Arrangement:
The collection is arranged as 5 series:

Series 1: Correspondence, circa 1930s-1960s (Box 1; 0.25 linear feet)

Series 2: Writings and Notes, 1938-circa 1960s (Box 1; 8 folders)

Series 3: Printed Material, 1939-1960 (Box 2; 4 folders)

Series 4: Photographs, circa 1930s-circa 1960s (Box 2; 0.25 linear feet)

Series 5: Herman Baron Personal Papers, circa 1910s, 1940s-1960s (Box 2-3; 0.3 linear feet)
Historical Note:
Herman Baron, Stuart Davis, Yasuo Kuniyoshi, and Adolf Dehn founded the American Contemporary Art (ACA) Galleries on August 16, 1932. Located at 1269 Madison Avenue in New York City, the galleries' first show featured watercolorist Hy Cohen. Baron encouraged freedom of expression and did not censor the artworks displayed in his gallery. As a result, the gallery became an outlet for generally unknown and socially conscious artists, including the Social Realists.

Born in Lithuania in 1892, Herman Baron immigrated to the United States as a child. He served in World War I and later attended New York University. Baron founded and edited Glazier's Journal (later Glass Digest) in 1924 as the first journal for the professional glazing trade. Additionally, he wrote short stories and plays for American Hebrew and Young Israel.

In response to economic issues facing the art market during the depresssion of 1930s, ACA Galleries organized relief efforts to financially support their artists. During this period, the gallery became closely allied with militant artists' organizations and some of the more politically radical artists. In 1935, the ACA Galleries and Herman Baron hosted the first meeting of the American Artists' Congress in the gallery space.

The ACA Galleries featured exhibitions of works by artists David Burliuk, Stuart Davis, Philip Evergood, William Gropper, Robert Gwathmey, Joe Jones, Rockwell Kent, Lee Krasner, Yasuo Kuniyoshi, Lewis Mumford, Louise Nevelson, Alton Pickens, Moses Soyer, Raphael Soyer, Max Weber, Art Young, and others. Baron also organized exhibitions of many artists employed by or associated with the Works Progress Administration of the federal arts program. Due to the progressive nature of the works of art found in the ACA Galleries, Herman Baron came under considerable criticism during the McCarthy Era. Baron was condemned by Representative George A. Dondero for supporting "un-American" sympathies and was forced often to defend his gallery and artists.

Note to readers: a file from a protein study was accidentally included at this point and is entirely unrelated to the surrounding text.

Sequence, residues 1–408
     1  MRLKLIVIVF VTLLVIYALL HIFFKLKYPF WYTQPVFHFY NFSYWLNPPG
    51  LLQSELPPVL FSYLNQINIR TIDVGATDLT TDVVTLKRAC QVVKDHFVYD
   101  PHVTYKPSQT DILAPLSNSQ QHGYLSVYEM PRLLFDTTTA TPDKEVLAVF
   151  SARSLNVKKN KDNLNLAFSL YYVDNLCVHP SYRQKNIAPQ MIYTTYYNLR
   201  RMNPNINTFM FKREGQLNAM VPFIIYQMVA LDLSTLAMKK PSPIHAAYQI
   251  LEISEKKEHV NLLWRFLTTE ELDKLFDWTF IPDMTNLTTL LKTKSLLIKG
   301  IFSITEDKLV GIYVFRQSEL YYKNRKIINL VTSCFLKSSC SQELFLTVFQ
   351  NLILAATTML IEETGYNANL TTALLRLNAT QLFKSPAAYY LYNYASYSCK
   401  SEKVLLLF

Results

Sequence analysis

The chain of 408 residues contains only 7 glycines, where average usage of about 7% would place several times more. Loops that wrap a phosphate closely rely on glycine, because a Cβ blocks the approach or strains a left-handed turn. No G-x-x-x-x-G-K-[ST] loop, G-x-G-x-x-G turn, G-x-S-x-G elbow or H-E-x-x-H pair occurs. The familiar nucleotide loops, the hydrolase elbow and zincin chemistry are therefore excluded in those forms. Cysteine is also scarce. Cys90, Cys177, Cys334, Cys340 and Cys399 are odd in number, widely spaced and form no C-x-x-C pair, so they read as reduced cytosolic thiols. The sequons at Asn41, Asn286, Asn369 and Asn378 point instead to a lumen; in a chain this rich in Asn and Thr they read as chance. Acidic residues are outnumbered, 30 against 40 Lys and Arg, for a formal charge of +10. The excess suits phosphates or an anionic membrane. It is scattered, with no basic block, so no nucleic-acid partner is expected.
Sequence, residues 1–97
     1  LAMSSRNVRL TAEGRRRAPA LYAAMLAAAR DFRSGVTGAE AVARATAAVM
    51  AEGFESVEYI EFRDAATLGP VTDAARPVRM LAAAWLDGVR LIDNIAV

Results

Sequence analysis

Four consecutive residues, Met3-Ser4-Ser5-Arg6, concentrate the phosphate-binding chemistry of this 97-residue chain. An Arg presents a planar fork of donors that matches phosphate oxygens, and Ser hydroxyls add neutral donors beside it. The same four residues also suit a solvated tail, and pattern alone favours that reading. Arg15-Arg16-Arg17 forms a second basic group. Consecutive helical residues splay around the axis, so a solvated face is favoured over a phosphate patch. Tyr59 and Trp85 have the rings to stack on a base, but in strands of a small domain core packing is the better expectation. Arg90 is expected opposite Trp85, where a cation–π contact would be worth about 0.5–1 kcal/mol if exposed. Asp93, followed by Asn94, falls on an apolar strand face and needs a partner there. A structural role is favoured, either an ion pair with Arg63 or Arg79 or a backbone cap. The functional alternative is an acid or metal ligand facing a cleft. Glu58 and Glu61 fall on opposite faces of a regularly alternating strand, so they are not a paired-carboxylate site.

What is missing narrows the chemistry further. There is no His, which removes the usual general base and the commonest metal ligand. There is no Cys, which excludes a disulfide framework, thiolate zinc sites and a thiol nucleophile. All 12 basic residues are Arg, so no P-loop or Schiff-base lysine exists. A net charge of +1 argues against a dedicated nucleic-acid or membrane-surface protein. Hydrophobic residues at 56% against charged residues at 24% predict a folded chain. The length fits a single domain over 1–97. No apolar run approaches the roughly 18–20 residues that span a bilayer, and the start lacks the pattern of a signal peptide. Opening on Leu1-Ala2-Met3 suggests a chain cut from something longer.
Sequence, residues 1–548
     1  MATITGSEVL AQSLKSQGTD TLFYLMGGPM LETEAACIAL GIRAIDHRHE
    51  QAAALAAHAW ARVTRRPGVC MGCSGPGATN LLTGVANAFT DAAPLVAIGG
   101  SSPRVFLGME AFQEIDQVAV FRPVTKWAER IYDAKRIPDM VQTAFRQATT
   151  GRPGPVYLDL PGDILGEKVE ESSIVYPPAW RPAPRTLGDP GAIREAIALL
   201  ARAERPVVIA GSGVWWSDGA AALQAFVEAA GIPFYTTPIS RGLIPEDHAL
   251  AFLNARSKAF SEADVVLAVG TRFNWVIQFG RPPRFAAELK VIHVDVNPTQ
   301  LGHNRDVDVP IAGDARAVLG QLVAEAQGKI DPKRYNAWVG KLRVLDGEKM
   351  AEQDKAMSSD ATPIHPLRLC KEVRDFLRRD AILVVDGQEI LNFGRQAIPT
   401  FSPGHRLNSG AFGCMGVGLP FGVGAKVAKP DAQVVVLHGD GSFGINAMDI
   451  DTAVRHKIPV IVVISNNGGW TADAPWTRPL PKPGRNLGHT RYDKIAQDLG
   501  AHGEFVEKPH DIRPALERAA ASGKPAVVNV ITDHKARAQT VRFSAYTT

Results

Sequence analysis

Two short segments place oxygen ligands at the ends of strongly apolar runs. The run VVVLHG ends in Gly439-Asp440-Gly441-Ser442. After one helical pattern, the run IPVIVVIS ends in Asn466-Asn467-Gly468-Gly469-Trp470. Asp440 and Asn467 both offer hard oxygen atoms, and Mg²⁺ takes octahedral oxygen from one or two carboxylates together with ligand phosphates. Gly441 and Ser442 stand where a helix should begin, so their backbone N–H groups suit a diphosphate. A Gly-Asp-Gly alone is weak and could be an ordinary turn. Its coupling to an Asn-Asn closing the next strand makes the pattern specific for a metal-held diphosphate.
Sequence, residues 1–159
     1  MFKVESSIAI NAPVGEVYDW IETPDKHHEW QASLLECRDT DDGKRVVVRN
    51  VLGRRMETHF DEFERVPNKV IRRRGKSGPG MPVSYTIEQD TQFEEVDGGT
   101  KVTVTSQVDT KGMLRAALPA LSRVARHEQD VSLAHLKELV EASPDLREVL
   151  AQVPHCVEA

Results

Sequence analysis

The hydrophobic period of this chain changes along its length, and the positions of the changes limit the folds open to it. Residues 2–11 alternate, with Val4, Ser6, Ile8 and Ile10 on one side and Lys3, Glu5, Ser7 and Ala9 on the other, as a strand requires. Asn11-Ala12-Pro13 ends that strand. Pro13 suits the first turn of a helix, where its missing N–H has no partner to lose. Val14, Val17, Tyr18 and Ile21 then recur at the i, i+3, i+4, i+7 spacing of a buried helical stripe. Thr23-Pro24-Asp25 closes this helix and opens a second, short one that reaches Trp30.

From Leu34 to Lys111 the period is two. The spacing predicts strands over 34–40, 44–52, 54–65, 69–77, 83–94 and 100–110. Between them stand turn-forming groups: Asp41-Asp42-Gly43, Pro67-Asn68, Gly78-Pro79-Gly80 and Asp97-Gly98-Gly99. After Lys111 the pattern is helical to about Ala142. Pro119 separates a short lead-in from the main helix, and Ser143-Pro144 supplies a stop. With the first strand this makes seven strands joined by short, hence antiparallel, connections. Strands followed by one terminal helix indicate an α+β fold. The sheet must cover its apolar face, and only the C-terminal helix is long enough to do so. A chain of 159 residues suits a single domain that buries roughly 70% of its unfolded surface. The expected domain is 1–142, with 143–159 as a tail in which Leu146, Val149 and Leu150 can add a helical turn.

For years the gallery focused on artists rights and supporting the work of artists, rather than a profit. In the 1950s, a shift occurred when Baron's nephew Sidney Bergen initiated professional business practices and transformed the gallery into a profitable venture. Now located at 529 West 20th Street in New York City, ACA Galleries continues to promote and support various social causes.
Related Material:
The Archives of American Art holds the Herman Baron papers, dating from 1937-1967 which were donated by Syracuse University, George Arents Research Library in 1984. Some exhibition catalogs may be found here.
Provenance:
Ella Baron, widow of the ACA Galleries' founder Herman Baron, donated the records to the Archives of American Art in 1965 and 1966.
Restrictions:
Use of original papers requires an appointment.
Rights:
The Archives of American Art makes its archival collections available for non-commercial, educational and personal use unless restricted by copyright and/or donor restrictions, including but not limited to access and publication restrictions. AAA makes no representations concerning such rights and restrictions and it is the user's responsibility to determine whether rights or restrictions exist and to obtain any necessary permission to access, use, reproduce and publish the collections. Please refer to the Smithsonian's Terms of Use for additional information.
Topic:
Art galleries, Commercial -- New York (State) -- New York  Search this
Art, American  Search this
Art dealers -- New York (State) -- New York  Search this
World War, 1914-1918  Search this
Politics in art  Search this
Gallery directors -- New York (State) -- New York  Search this
Genre/Form:
Writings
Photographs
Citation:
ACA Galleries records, 1917-1963. Archives of American Art, Smithsonian Institution.
Identifier:
AAA.acagall
See more items in:
The ACA Galleries records
Archival Repository:
Archives of American Art
EDAN-URL:
ead_collection:sova-aaa-acagall
Online Media:

Summary of oral history interview with Lewis Mumford, 1964 December 7

Interviewee:
Mumford, Lewis, 1895-1990  Search this
Interviewer:
Rubenstein, Erica Beckh, 1914-2014  Search this
Subject:
New Deal and the Arts Oral History Project  Search this
Type:
Interviews
Topic:
Federal aid to the arts  Search this
Arts administrators -- New York (State) -- New York -- Interviews  Search this
Record number:
(DSI-AAA_CollID)12739
(DSI-AAA_SIRISBib)214163
AAA_collcode_mumfor64
Theme:
New Deal
Data Source:
Archives of American Art
EDAN-URL:
edanmdm:AAADCD_oh_214163

Presentation of Hodgkins Medal

Creator:
Hofmeister, Richard K  Search this
Subject:
Mumford, Lewis 1895-1990  Search this
Challinor, David  Search this
Smithsonian Institution Photographic Services Division  Search this
National Museum of History and Technology  Search this
Physical description:
35mm;
Type:
Black-and-white negatives
Date:
1971
October 20, 1971
Topic:
Medals  Search this
Awards  Search this
Local number: